Merchant Account

The Merchant Account


A merchant account is really a type of bank account that allows businesses to accept payments by payment cards, commonly debit or credit cards. A merchant account is established under an agreement between an acceptor and a merchant obtaining bank for the settlement of payment card transactions. In some cases a payment processor, independent sales organization (ISO), or merchant service provider (MSP) can be a party to the merchant account services. Regardless of whether a merchant enters into a merchant agreement directly with an acquiring  bank or via an aggregator, for instance PayPal, the agreement contractually binds the merchant to obey the operating regulations established by the card associations.

Methods Of Processing Credit Cards

Today a majority of credit card transactions are sent electronically to merchant processing banks for authorization, capture and deposit. Various methods exist for presenting a credit card sale to “the system.” In all circumstances either the entire magnetic strip is read by a swipe via a credit card terminal/reader, a personal computer chip is read, or the credit card information is manually entered into a credit card terminal, a computer or website. The initial methods, submitting credit card slips to a merchant processing bank by mail, or by accessing an Automated Response Unit (ARU) by telephone, are still in use these days but have long been overshadowed by electronic devices. These early methods employed two-part forms including a manual device for mechanically imprinting the embossed card number data onto the forms.

Credit Card Terminal

A credit card terminal is often a stand-alone piece of electronic equipment that allows a merchant to swipe or key-enter a credit card’s details as well as far more information required to program a credit card transaction. A credit card terminal is a dedicated piece of equipment that only processes credit cards although it is well-known for related transactions for instance,  gift cards and check verification to also be performed. A credit card terminal generally must beplugged in to a power supply and connected to a telephone line. However, some terminals can be powered by batteries and communicate over the world wide web or through a cellular phone data network. Once a credit card is processed (either swiped from the magnetic stripe reader or keyed-in on the keypad), it contacts the network to verify if the credit card can be authorized. The transaction is then stored over a machine until the polling window is opened. The machine will either upload the electronic funds directly to the merchant bank, or a polling service provider will dial in to collect, process then submit the details to the merchant bank.  The most popular credit card terminals consist of a modem, keypad, printer, magnetic stripe reader, power supply and memory card. These have retained the same straightforward design since the 1980s. As with computers, there’s a wide range of memory capacities as well as other features like built-in printers and debit card pinpads that affect the manufacturing price of the credit card terminal.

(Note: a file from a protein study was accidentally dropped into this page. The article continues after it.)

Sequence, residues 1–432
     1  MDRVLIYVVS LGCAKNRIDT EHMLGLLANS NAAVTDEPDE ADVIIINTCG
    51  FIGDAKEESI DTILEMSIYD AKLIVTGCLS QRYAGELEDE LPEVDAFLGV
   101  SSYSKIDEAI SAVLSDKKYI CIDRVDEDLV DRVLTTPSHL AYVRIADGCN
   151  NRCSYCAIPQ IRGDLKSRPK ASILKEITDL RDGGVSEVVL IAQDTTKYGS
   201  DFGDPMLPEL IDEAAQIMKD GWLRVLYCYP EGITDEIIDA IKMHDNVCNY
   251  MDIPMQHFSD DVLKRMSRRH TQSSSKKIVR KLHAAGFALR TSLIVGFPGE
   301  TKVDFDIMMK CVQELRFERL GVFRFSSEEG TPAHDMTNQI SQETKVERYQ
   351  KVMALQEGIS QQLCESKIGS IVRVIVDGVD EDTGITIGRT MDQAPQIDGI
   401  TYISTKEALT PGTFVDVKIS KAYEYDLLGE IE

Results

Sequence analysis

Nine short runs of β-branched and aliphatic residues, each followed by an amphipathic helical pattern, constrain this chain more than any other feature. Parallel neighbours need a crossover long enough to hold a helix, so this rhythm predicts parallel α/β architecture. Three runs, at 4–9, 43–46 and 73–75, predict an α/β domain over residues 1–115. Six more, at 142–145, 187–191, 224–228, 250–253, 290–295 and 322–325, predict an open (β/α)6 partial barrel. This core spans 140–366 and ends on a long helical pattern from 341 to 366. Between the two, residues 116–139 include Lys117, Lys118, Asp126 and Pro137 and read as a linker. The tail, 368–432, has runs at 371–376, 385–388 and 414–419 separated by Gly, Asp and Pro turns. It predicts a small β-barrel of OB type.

Automated Response Unit (ARU)

An ARU (also referred to as a voice authorization, capture and deposit) allows the manual keyed entry and subsequent authorization of the credit card over a  cellular or land-line telephone. With this procedure a merchant typically imprints their customer’s card with an imprinter to produce a client receipt and merchant copy, then process  the transaction instantaneously over the phone.

Payment Gateway

A payment gateway is an e-commerce service that authorizes payments for e-businesses and online retailers. It’s the equivalent of a physical POS (point-of-sale) terminal located in most retail outlets. A merchant account provider is normally  a separate company from the producer of the payment gateway. Some merchant account providers have their unique payment gateways but the majority of corporations use 3rd party payment gateways. The gateway commonly has couple of components: a) the virtual terminal that may  allow your merchant to securely login and key in credit card numbers or b) have the website’s shopping-cart connect to the  gateway via an API to allow for real-time processing within the merchant’s website.

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